Village Heartbeat works alongside the Moni, Wolani, Nduga, Dani and Wano communities living in the general Intan Jaya area, a part of Indonesia’s most eastern province. This unique land mass is often referred to as one of the last great frontiers on earth. From the ice-enshrouded peaks of Puncak Jaya to the dense tropical jungles of the lowlands, Papua is a land of stark contrasts. This South Pacific island is home to more than one fifth of the world’s languages! These languages belong to some of the most unique and diverse cultural groups found anywhere on earth. The beautiful yet startling faces of the numerous indigenous groups only add to the mystique and confirm the fact that contrast is the beauty of life.
It would only follow that such a diverse area would also require many different approaches to addressing the spiritual and social needs of isolated tribal groups. The day of pioneer missions is not completely over, but in its place has evolved the urgent need to equip and empower local church and village leaders to become more self-sufficient so as to avoid the natural tendency of dependence ever prevalent among poor communities.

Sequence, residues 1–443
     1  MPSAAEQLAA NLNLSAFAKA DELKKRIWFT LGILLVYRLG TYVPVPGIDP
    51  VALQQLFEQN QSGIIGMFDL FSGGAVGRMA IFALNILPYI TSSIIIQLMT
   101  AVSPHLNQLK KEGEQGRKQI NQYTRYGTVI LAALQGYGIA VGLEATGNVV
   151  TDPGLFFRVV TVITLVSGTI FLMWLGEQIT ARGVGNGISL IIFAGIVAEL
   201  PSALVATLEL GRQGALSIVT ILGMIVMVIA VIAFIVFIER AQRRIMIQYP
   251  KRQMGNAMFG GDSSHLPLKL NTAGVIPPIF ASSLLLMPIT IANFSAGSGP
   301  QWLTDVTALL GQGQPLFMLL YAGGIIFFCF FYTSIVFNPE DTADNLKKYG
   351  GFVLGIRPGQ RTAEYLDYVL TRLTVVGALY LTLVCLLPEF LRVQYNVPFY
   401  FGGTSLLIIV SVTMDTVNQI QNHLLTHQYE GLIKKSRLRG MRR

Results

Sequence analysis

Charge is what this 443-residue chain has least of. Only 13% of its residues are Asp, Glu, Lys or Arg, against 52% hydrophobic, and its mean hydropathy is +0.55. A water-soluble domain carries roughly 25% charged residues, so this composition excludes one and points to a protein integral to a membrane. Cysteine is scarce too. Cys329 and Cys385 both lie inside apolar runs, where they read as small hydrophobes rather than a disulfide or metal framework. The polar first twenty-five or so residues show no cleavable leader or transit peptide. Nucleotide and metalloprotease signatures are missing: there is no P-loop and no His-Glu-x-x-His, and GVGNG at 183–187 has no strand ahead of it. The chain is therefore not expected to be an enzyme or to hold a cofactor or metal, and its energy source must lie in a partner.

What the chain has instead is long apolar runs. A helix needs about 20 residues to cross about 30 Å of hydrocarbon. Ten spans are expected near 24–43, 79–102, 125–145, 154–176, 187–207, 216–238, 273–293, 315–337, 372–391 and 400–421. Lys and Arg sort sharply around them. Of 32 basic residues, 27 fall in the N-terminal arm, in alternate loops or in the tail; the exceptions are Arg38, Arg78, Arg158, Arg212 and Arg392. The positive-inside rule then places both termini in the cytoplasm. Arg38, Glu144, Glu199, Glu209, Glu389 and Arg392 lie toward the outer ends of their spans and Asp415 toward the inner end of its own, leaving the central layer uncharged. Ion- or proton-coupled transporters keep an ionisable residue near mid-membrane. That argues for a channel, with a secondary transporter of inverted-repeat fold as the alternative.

I was raised in Papua. My parents were first-generation missionaries there and they lived and served among ethnic tribal groups for almost 40 years. They took several Moni orphans into our home, and as I lived together with my new family and spent quality time in the villages with other tribal groups, I grew up integrated into and comfortable with both the Papuan and Western worlds. I now count it a privilege to be a partner with these very special people, together planning and preparing for their future, filled with challenges, but also based on cooperation rather than dependence.